So back to our big dream - and so many dreams which are compromised because we are not courageous enough like D and S to just up it and take the sub 500 route. But they are a practical couple too and they make a book out of it for good measure, which might well become a bestselling book and then get made into a movie. Make something out of something you'd have liked to do anyway. So in a way I find that the enterprising couple are way more practical about big dreams than most of us who max out credit cards and experience a fraction of what they did - and at the end of it all have no book, no experience, no new friends and certainly no movie deals.

It takes courage and conviction however, and that the couple show in tonnes. From their bus rides to Jaipur, Pushkar, Jaisalmer, Jodhpur, Barmer, Junagadh, Mathura, the little hotels, lack of loos, lack of good food, they stick through it all, meet people who turn out to be interesting - autowalla in Jaipur, hotel walla, bus walla, jugaad walla, boatwalla, 5 star walla (in the end). You cannot be the same person after so many experiences - or the same couple. But that's what they signed up for. Some review says 16,000 kms - its a lot.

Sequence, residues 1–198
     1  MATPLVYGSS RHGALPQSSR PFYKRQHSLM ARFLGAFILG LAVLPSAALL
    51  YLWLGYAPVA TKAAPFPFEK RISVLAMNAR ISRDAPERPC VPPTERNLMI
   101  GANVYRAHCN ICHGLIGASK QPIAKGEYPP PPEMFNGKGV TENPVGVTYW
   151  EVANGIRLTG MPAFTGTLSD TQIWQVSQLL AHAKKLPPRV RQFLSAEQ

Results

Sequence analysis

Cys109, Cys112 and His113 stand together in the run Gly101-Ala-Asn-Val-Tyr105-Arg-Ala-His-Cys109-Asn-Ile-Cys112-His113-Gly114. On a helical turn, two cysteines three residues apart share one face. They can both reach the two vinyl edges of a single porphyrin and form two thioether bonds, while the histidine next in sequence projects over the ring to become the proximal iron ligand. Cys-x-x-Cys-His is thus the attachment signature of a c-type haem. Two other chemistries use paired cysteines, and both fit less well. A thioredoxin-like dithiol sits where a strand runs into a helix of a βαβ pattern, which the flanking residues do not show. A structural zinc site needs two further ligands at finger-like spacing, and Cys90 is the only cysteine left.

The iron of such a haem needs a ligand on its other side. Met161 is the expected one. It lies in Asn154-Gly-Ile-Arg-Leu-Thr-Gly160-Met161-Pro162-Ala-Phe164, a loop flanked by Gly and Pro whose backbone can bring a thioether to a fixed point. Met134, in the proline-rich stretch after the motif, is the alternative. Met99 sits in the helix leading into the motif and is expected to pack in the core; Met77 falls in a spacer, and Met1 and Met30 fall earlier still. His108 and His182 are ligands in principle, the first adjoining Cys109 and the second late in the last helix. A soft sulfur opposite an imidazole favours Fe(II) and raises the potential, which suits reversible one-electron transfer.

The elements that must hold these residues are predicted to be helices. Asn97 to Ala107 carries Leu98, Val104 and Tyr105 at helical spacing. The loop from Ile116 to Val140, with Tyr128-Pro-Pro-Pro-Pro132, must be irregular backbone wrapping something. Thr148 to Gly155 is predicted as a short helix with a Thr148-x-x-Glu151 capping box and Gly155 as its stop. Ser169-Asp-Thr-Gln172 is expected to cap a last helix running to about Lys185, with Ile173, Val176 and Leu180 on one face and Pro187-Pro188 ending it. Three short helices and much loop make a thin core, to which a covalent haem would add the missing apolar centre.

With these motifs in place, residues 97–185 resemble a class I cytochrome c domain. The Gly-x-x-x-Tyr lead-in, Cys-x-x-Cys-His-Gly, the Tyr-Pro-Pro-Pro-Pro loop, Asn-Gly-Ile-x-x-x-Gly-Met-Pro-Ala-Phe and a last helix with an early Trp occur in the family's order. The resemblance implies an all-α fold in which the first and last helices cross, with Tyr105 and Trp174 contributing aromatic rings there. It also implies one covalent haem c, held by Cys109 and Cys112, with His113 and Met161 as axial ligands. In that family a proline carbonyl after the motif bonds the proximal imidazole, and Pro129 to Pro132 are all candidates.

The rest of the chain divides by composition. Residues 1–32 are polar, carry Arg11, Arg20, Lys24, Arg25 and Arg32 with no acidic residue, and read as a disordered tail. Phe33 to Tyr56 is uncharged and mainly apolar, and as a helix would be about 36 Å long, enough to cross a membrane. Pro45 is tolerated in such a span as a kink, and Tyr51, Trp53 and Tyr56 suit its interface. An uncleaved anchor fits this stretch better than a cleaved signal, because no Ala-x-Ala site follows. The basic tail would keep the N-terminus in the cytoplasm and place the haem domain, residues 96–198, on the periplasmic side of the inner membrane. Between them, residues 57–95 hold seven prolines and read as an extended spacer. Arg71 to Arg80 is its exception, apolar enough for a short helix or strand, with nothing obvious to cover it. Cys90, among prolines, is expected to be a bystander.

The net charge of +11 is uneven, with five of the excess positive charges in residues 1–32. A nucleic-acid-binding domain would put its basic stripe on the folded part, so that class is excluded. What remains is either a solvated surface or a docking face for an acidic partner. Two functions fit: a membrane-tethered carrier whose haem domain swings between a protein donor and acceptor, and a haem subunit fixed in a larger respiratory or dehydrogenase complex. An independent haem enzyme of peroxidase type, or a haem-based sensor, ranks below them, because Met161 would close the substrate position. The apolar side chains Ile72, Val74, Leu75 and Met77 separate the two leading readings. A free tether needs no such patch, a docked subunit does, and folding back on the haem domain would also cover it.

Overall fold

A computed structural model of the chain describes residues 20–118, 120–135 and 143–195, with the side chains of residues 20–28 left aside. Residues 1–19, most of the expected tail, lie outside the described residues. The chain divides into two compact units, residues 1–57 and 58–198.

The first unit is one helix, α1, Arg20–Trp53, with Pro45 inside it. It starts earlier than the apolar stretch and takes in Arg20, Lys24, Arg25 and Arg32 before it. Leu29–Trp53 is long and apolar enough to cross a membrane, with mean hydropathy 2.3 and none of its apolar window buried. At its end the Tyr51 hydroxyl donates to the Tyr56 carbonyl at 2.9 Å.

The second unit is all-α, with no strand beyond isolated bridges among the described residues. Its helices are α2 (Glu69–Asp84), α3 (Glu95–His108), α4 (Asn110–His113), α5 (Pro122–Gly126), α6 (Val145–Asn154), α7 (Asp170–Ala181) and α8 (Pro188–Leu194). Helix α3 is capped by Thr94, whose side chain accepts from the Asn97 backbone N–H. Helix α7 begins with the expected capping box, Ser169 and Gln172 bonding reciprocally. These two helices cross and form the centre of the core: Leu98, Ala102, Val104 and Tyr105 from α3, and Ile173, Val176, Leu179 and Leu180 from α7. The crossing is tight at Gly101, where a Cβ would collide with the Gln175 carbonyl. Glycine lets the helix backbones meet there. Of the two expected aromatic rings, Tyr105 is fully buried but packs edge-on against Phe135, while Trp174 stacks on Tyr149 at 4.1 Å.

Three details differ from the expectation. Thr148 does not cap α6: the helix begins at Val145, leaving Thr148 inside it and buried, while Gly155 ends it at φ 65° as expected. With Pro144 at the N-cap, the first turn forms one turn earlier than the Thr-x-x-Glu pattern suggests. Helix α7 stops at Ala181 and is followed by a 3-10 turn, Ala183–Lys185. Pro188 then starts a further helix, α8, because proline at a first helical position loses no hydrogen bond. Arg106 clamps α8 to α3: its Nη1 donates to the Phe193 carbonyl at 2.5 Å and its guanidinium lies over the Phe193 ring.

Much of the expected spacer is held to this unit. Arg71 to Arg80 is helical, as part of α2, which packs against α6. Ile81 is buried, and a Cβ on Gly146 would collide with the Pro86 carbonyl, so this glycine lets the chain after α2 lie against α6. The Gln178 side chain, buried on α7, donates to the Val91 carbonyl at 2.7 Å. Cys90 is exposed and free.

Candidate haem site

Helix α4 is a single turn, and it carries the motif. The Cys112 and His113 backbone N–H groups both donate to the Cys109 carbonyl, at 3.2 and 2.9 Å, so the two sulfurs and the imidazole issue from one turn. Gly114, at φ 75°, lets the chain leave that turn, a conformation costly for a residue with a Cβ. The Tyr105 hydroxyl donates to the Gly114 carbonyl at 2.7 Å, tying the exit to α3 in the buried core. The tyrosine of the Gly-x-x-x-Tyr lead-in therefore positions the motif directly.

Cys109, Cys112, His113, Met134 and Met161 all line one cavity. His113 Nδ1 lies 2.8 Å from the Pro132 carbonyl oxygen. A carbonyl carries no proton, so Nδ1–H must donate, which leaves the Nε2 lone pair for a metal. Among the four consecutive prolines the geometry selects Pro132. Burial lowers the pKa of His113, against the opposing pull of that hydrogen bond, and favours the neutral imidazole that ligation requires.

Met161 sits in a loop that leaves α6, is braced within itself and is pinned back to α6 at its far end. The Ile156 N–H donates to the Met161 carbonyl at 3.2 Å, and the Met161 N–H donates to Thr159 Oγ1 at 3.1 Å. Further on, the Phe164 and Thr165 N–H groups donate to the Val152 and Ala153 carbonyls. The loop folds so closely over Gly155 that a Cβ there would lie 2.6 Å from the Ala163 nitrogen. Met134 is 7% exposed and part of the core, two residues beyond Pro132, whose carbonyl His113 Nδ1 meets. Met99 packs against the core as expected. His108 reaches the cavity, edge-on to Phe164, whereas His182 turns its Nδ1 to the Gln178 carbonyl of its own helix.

Did I forget to mention the support cast - or the ones who come closest to the protagonists as support cast in this adventure - the Israeli twins Motty and Zvika? The twins are always in the background (with emails and phone calls) and step up every now and then into foreground at the unlikeliest places with interesting tales and experiences. From love (shy and rejected), army service, faith, future - they bring a nice contrast to the book. I am glad that D and S somehow chose the twins as support cast and not an Indian pair because of many reasons. For one, how is it that foreigners get better deals and are able to adjust to India faster than Indians do? (The twins seem to get better deals!) How is it that they get so comfortably under India's skin when most of us cannot? (Shantaram onwards, every single Indian experience written by a foreigner seems to show an India we do not want to walk into - starting with the slums). How is it that two random Indians cannot really seem to share an Indian experience as intensely as an Indian and a foreigner can? How does a foreigner transcend boundaries of caste and community, religion and faith, color and background, that we are so suspicious about? An Indian carpenter would not be the same as a foreign carpenter right? Nothing shows India up to Indians like foreigners travelling in India. On the bikes in Goa, the beaches they seem to own, the joy with which they immerse themselves into the festivals, the kumbh melas, the Gokarns, the Rishikeshs, they do it all in their twenties while we are still facebooking and checking out fancy hotel prices and flight deals to see the Taj Mahal. My suspicion is that we have a long way to go as a people. Unless we grow to tolerate one another, (if not the indulgence we reserve for the foreigners, at least a basic civil tolerance), I see little hope in that direction.